After AGC, the digital voice samples are placed in the media queue 66 in the network VHD 62 via the switchboard 32′. In the voice mode, the network VHD 62 invokes three services, namely call discrimination, packet voice exchange, and packet tone exchange. The call discriminator 68 analyzes the digital voice samples from the media queue to determine whether a 2100 Hz tone, a 1100 Hz tone or V.21 modulated HDLC flags are present. As described above with reference to
Typical telephone conversations have as much as sixty percent silence or inactive content. Therefore, high bandwidth gains can be realized if digital voice samples are suppressed during these periods. A VAD 80, operating under the packet voice exchange, is used to accomplish this function. The VAD 80 attempts to detect digital voice samples that do not contain active speech. During periods of inactive speech, the comfort noise estimator 81 couples silence identifier (SID) packets to a packetization engine 78. The SID packets contain voice parameters that allow the reconstruction of the background noise at the far end.
From a system point of view, the VAD 80 may be sensitive to the change in the NLP 72. For example, when the NLP 72 is activated, the VAD 80 may immediately declare that voice is inactive. In that instance, the VAD 80 may have problems tracking the true background noise level. If the echo canceller 70 generates comfort noise during periods of inactive speech, it may have a different spectral characteristic from the true background noise. The VAD 80 may detect a change in noise character when the NLP 72 is activated (or deactivated) and declare the comfort noise as active speech. For these reasons, the VAD 80 should be disabled when the NLP 72 is activated. This is accomplished by a “NLP on” message 72 a passed from the NLP 72 to the VAD 80.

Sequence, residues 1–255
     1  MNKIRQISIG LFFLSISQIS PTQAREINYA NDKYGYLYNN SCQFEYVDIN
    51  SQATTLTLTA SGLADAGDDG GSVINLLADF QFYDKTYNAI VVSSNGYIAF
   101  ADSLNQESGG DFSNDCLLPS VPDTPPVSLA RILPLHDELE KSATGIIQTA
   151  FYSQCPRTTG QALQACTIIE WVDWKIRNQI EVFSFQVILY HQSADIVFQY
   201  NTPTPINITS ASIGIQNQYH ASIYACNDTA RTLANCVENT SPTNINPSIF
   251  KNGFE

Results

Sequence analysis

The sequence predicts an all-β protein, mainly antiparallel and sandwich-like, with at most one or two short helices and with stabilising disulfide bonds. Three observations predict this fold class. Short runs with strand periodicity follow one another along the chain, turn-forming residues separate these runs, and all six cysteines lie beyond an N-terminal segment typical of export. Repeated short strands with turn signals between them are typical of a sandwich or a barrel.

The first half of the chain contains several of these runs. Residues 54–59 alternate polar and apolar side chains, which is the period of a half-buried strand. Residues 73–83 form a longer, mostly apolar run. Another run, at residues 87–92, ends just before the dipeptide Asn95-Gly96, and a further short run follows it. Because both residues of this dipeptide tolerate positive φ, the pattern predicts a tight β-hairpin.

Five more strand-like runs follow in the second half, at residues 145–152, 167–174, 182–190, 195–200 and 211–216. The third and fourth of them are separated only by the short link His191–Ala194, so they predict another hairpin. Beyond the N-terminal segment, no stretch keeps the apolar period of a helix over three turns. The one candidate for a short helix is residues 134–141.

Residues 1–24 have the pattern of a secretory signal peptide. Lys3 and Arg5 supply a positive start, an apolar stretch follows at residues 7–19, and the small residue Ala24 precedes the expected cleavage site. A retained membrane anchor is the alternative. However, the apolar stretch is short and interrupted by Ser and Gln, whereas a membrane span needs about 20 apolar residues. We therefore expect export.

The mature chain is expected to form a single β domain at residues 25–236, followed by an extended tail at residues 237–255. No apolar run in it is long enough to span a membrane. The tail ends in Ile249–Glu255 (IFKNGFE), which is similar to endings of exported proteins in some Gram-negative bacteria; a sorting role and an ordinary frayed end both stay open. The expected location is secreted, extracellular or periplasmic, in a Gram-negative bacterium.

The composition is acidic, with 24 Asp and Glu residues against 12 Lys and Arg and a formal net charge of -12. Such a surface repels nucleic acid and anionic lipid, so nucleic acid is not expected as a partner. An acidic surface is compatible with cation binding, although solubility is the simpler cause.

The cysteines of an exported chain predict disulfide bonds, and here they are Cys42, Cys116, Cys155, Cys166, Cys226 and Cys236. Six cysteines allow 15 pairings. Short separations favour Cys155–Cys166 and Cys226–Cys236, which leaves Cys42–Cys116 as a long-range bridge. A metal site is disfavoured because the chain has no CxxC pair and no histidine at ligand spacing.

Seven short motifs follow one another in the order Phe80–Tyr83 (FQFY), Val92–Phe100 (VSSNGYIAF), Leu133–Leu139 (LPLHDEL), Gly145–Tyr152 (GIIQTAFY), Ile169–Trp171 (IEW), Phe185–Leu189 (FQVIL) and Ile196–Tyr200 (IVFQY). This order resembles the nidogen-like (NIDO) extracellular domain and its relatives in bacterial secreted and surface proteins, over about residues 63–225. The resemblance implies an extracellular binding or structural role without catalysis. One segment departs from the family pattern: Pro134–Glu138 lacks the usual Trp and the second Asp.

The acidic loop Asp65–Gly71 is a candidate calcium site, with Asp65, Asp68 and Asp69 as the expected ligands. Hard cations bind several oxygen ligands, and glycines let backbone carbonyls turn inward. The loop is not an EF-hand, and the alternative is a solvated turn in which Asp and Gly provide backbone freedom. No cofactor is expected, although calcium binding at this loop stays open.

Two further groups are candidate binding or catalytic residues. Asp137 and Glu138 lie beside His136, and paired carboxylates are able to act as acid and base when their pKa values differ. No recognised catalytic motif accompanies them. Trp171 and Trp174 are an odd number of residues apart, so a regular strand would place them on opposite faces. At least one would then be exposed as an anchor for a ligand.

The voice encoder 82, operating under the packet voice exchange, can be a straight 16 bit PCM encoder or any voice encoder which supports one or more of the standards promulgated by ITU. The encoded digital voice samples are formatted into a voice packet (or packets) by the packetization engine 78. These voice packets are formatted according to an applications protocol and outputted to the host (not shown). The voice encoder 82 is invoked only when digital voice samples with speech are detected by the VAD 80. Since the packetization interval may be a multiple of an encoding interval, both the VAD 80 and the packetization engine 78 should cooperate to decide whether or not the voice encoder 82 is invoked. For example, if the packetization interval is 10 msec and the encoder interval is 5 msec (a frame of digital voice samples is 5 ms), then a frame containing active speech should cause the subsequent frame to be placed in the 10 ms packet regardless of the VAD state during that subsequent frame. This interaction can be accomplished by the VAD 80 passing an “active” flag 80 a to the packetization engine 78, and the packetization engine 78 controlling whether or not the voice encoder 82 is invoked.
In the described exemplary embodiment, the VAD 80 is applied after the AGC 74. This approach provides optimal flexibility because both the VAD 80 and the voice encoder 82 are integrated into some speech compression schemes such as those promulgated in ITU Recommendations G.729 with Annex B VAD (March 1996)—Coding of Speech at 8 kbits/s Using Conjugate-Structure Algebraic-Code-Exited Linear Prediction (CS-ACELP), and G.723.1 with Annex A VAD (March 1996)—Dual Rate Coder for Multimedia Communications Transmitting at 5.3 and 6.3 kbit/s, the contents of which is hereby incorporated by reference as through set forth in full herein.
Operating under the packet tone exchange, a DTMF detector 76 determines whether or not there is a DTMF signal present at the near end. The DTMF detector 76 also provides a pre-detection flag 76 a which indicates whether or not it is likely that the digital voice sample might be a portion of a DTMF signal. If so, the pre-detection flag 76 a is relayed to the packetization engine 78 instructing it to begin holding voice packets. If the DTMF detector 76 ultimately detects a DTMF signal, the voice packets are discarded, and the DTMF signal is coupled to the packetization engine 78. Otherwise the voice packets are ultimately released from the packetization engine 78 to the host (not shown). The benefit of this method is that there is only a temporary impact on voice packet delay when a DTMF signal is pre-detected in error, and not a constant buffering delay. Whether voice packets are held while the pre-detection flag 76 a is active could be adaptively controlled by the user application layer.